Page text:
Many dog owners are very enthused at the prospect of taking the dog for hikes, snuggling on the sofa, sharing the bed, roaming the house freely, among others. Around 5-6 months of age, dogs can be reasonably trustworthy with hitting the correct potty place and choosing their toys and chews over personal belongings. It is a sort of “honeymoon” period. How tempting it is to drop the leash! Metaphorically speaking.
Too Much Access to Space
Once the dog seems to have a handle on where his potty place is and is using it consistently, many owners begin to significantly decrease use of the crate. It becomes more of a routine to allow the dog in rooms of the home, which were previously off limits. Supervision may be a little more relaxed. This is a cautionary tale.
Dogs adapt to the routines and boundaries that we set up for them. At six months of age, a young dog is on the brink of adolescence. Changes happen as the adolescent dog becomes more exploratory with space and behaviors. Stimuli in the environment are processed differently, and many dogs escalate fear and reactive behaviors during this time. It is the time to stand by boundaries and manage behavior. A return to several puppy strategies, such as crate time and limiting access to space, is in order to prevent undesirable habits from taking hold.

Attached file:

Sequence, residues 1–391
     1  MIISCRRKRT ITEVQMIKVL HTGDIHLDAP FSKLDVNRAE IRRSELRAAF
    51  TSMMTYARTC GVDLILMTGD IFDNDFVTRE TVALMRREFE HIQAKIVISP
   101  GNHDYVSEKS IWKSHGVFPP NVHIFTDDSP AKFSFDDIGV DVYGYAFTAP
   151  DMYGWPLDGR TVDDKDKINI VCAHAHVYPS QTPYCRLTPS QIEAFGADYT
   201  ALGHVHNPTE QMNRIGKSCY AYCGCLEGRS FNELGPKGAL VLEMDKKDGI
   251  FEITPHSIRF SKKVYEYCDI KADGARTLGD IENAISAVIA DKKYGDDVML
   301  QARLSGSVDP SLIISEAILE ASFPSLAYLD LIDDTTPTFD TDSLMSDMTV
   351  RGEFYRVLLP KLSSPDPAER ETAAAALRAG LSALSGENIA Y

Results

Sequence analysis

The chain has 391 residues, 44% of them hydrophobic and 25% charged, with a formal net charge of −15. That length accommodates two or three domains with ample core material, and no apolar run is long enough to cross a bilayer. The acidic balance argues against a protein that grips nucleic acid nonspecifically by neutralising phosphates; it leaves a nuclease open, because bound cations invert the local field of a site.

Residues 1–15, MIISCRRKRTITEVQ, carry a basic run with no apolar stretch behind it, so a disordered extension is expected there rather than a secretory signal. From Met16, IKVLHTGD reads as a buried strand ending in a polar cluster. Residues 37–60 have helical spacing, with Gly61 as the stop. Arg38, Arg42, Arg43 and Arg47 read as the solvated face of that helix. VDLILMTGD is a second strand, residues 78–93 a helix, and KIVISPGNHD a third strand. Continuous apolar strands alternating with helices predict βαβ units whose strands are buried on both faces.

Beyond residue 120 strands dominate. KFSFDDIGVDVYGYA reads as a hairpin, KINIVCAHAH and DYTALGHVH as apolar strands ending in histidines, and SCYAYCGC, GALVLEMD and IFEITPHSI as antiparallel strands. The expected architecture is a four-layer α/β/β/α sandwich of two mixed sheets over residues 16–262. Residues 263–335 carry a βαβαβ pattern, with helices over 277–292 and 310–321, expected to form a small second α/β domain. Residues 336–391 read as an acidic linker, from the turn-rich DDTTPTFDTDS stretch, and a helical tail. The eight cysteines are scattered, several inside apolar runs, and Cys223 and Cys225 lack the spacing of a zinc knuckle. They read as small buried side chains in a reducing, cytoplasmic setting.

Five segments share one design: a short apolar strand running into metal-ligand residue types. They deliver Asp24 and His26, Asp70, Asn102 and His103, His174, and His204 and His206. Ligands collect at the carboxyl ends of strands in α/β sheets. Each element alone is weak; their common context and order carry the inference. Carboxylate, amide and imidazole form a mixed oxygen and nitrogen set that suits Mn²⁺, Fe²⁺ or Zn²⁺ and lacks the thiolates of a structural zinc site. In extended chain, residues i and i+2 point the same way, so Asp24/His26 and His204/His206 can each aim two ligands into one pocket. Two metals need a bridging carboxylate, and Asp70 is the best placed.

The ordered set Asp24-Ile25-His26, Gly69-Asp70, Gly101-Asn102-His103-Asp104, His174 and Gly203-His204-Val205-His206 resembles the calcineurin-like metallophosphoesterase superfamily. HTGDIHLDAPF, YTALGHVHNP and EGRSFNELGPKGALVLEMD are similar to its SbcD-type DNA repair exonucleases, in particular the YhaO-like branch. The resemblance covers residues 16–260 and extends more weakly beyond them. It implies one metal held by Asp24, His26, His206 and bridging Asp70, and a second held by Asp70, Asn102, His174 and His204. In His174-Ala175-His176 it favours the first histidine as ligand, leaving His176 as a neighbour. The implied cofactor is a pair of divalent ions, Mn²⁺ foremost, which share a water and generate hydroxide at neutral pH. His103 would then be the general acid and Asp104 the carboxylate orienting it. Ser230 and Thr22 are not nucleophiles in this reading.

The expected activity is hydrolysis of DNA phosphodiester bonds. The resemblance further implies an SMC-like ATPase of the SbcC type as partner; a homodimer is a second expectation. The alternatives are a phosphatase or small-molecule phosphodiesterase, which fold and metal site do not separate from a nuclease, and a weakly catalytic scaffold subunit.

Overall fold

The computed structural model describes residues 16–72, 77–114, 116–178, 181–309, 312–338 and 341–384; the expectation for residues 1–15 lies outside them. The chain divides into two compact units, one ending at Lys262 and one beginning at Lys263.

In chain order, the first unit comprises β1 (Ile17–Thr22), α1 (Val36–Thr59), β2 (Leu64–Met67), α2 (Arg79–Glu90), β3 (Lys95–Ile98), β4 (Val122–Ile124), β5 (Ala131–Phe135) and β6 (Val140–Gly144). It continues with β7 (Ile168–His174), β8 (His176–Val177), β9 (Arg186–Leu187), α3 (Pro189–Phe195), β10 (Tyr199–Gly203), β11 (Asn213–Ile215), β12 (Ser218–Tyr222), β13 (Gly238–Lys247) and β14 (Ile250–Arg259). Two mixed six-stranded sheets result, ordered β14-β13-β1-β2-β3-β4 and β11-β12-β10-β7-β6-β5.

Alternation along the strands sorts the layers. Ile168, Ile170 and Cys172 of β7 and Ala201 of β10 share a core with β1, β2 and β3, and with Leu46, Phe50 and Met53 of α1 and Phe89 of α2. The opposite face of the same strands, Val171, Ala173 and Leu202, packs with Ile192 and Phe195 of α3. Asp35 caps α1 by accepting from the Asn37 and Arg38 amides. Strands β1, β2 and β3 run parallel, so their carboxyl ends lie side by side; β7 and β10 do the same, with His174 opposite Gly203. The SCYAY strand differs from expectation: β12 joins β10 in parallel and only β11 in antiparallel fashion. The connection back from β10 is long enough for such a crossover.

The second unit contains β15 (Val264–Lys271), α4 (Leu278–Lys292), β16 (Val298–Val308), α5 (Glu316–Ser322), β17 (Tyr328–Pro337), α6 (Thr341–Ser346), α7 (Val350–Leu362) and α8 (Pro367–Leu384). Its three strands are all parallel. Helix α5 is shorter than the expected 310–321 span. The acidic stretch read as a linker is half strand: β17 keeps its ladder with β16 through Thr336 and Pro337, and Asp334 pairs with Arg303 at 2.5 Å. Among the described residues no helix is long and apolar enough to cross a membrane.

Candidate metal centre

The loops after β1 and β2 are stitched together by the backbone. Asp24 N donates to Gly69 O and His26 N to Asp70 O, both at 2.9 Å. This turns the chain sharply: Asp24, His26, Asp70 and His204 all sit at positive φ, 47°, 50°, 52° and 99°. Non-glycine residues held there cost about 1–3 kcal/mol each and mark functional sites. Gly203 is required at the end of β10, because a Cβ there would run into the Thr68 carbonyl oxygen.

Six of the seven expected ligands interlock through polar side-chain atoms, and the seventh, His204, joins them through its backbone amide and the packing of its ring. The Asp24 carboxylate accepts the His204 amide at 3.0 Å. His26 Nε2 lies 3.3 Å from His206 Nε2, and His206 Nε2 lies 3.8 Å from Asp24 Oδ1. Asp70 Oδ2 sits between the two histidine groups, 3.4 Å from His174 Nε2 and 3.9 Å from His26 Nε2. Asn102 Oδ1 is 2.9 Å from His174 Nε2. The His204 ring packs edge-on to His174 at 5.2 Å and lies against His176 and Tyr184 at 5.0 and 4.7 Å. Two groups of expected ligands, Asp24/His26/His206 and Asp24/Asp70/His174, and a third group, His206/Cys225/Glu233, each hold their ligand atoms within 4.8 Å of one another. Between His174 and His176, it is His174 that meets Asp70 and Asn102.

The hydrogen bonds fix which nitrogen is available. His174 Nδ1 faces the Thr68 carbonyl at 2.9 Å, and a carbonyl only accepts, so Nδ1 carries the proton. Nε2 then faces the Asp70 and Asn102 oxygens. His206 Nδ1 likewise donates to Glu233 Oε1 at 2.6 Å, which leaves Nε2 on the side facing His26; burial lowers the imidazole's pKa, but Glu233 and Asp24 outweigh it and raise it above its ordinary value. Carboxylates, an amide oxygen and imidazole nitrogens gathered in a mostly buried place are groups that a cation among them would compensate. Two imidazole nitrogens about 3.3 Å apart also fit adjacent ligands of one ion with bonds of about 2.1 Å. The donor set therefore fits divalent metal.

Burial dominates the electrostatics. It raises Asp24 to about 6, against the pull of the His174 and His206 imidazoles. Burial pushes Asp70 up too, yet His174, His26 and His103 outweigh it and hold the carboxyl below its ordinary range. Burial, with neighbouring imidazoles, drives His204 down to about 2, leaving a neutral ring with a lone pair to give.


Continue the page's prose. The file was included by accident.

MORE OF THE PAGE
Too Much Human Expectation
As much as we may want to be out and about with a well-behaved dog at the end of the leash, this skill takes time and practice. Gradual outdoor leash work yields the best results. A young dog can be easily distracted and overwhelmed by the great outdoors, so slow and steady is the way to reach leash walking goals.
Young dogs spend lots of waking time in a seeking mode. They are drawn to the most interesting elements in the environment at that moment. Leaving children’s toys alone, lying calmly during mealtime, greeting guests in your home and in the street are all behaviors that must be trained in. Preferably in stages as the animal can tolerate exposures.
Too Soon for Certain Privileges
Access to beds and other furniture is a privilege that can be earned through respectful and calm behaviors. Teach the dog to “sit and wait” for an invitation. Launching on the sofa or the bed is not pleasant for any other occupants. In homes with children, it can be unsafe. Running completely untethered even in a contained yard is a privilege for a dog after he is trained to come reliably when called.
Many behavior problems can be avoided when owners acknowledge that raising a puppy or rehoming an adult dog is a process. There is no rushing Mother Nature.
Copyright © Kimberly B. Mandel CPDT-KA, 2019 all rights reserved
Kimberly Mandel Canine Behavior and Training LLC